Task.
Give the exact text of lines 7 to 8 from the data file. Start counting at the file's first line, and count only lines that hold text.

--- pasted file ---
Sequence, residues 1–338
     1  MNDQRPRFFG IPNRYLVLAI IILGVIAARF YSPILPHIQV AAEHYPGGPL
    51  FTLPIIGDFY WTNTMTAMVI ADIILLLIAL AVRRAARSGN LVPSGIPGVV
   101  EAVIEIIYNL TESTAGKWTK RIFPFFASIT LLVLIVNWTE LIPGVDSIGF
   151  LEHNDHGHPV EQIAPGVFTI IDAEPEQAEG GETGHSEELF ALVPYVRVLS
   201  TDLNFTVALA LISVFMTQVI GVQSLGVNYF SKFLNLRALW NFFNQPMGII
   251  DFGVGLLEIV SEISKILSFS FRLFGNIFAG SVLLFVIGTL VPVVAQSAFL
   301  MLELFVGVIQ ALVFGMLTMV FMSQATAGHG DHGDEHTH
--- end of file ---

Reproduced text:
   251  DFGVGLLEIV SEISKILSFS FRLFGNIFAG SVLLFVIGTL VPVVAQSAFL
   301  MLELFVGVIQ ALVFGMLTMV FMSQATAGHG DHGDEHTH